Facebreaker on Xbox 360 is a great example of EA’s new Freestyle message (aimed at a broader range of gamers) and delivers some impressive visuals and gameplay. However, its ‘one size fits all’ attempt to expand casual appeal while retaining the hardcore is in danger of falling between two stools.
Wii-Sports Boxing unavoidably comes to mind when you think of revolutionary boxing games, that and the recent Fight Night games. Whilst Wii-Sports introduced novel controls, EA’s Fight Night focused on graphical fidelity and boxing realism.
Facebreaker is EA’s attempt to create a casual boxing game without losing some of the finer graphical features of its hardcore boxing simulation. As part of its new Freestyle range, EA is pinning much of its casual gaming hopes on titles such as this. Although only a subtitle this time around, you can expect a fully-fledged Freestyle badged range of games hitting stores before too long. This approach mirrors the All Play series on the Wii, which also looks set to become a sub-brand in its own right.
But enough of the branding, what about the boxing? The game certainly delivers a control scheme that, while not as ambitious as Wii-Sports, is simple enough for most family members to pick up and play. Two buttons are used for punching (high and low) and can be held down to power-up the blow. When on the defence these same buttons double as dodging. Finally, combining them with the right-trigger provides a high or low block. Add to this the grab and smash buttons and you have the full set of controls.
While remaining simple enough for newcomers, more experienced players can take advantage of combination moves and super hits. It only takes a few rounds to realise that attention needs to be paid to your opponent’s movement animations. With a bit of practice you can start to pull out some perfectly timed blocks and dodges. These are essential if you are to avoid being hit and thereby charge up your Facebreaker meter, which enables you to deliver the eponymous killer move.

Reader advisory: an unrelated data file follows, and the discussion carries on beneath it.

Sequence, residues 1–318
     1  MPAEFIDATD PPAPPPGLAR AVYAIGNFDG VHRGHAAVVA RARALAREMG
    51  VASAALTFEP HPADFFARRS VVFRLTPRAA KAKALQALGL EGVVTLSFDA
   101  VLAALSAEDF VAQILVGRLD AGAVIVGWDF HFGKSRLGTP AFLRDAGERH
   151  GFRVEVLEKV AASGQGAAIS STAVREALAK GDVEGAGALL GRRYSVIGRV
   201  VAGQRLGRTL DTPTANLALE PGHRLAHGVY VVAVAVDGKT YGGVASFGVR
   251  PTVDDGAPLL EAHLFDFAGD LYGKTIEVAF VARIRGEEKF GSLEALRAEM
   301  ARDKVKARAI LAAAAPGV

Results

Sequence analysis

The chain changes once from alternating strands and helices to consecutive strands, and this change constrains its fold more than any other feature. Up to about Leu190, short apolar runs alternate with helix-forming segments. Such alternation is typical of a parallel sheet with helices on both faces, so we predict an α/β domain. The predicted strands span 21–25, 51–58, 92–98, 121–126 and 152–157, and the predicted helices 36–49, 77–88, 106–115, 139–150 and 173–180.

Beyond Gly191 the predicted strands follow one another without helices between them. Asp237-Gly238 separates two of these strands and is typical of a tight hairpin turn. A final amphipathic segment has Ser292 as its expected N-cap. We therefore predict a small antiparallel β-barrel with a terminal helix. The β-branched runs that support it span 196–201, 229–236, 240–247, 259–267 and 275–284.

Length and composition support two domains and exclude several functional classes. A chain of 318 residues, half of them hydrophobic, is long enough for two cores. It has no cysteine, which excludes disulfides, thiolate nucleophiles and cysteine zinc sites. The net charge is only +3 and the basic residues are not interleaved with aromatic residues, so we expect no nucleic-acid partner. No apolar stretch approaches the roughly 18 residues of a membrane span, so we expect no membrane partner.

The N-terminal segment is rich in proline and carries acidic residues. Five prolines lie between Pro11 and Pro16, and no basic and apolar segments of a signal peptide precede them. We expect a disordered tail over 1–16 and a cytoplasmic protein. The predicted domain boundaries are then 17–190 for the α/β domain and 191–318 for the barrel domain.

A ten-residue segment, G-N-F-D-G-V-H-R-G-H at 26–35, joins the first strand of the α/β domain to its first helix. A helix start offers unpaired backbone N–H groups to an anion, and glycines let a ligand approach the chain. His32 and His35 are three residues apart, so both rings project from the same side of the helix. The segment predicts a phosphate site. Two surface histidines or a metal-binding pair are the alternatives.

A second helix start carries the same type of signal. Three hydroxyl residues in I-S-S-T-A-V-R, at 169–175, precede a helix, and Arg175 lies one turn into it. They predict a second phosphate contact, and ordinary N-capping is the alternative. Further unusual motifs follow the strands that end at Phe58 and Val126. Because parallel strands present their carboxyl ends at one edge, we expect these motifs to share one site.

Visually, Facebreaker follows the ‘Team Fortress 2′ model. Much like Valve’s multiplayer game, Facebreaker favours movement and characterisation over polygon count. Accordingly, the characters are impressively rendered and convincingly animated. Testament to this is the fact that it is hard not to flinch when one of them delivers a final face-breaking blow.
Casual gamers may take more convincing and find the combination of cartoony graphics with such violence seems a little mismatched. However, provided they view the game’s violence as intentionally overblown (in a ‘Tom and Jerry’ sort of way) they can theoretically revel in its sheer bone-crunching nature.
While Facebreaker delivers in terms of its Freestyle moniker, it is less convincing as a full-on boxing simulator. The simplicity demanded by EA’s marketing means the game has considerably less nuance and depth than Fight Night. This is a real shame as there is gap in the market for a simplified boxing game that retains both depth and openness.
The game certainly achieves what you may imagine was the aim of the EA execs who commissioned the project. And as such it is likely to sell reasonably well – it is a marketing achievement. But as a game, it would have been much more interesting to see EA play directly to the casual market. An ‘All Play’ Wii boxing game with its intuitive controls in a full game environment is still a mouth watering idea.
As it stands, the Freestyle badged Facebreaker is wonderfully equipped to deliver between two markets. Casual gamers may find it a little too violent whilst the hardcore are more likely to wait for Fight Night 09 – the next proper Boxing game from EA.